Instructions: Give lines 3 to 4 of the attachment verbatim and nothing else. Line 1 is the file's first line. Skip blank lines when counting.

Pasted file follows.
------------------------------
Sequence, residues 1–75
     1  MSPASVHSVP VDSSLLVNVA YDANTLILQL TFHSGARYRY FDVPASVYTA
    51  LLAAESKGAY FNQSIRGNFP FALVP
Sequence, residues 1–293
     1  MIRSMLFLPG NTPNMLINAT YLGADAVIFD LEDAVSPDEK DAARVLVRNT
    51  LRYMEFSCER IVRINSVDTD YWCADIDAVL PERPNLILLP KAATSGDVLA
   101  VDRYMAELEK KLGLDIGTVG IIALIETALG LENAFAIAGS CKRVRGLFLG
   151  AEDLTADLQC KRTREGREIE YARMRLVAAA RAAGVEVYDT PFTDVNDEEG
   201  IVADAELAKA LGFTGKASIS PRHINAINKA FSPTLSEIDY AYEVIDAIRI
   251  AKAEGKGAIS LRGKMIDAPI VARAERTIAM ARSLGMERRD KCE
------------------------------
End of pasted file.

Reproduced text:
    51  LLAAESKGAY FNQSIRGNFP FALVP
Sequence, residues 1–293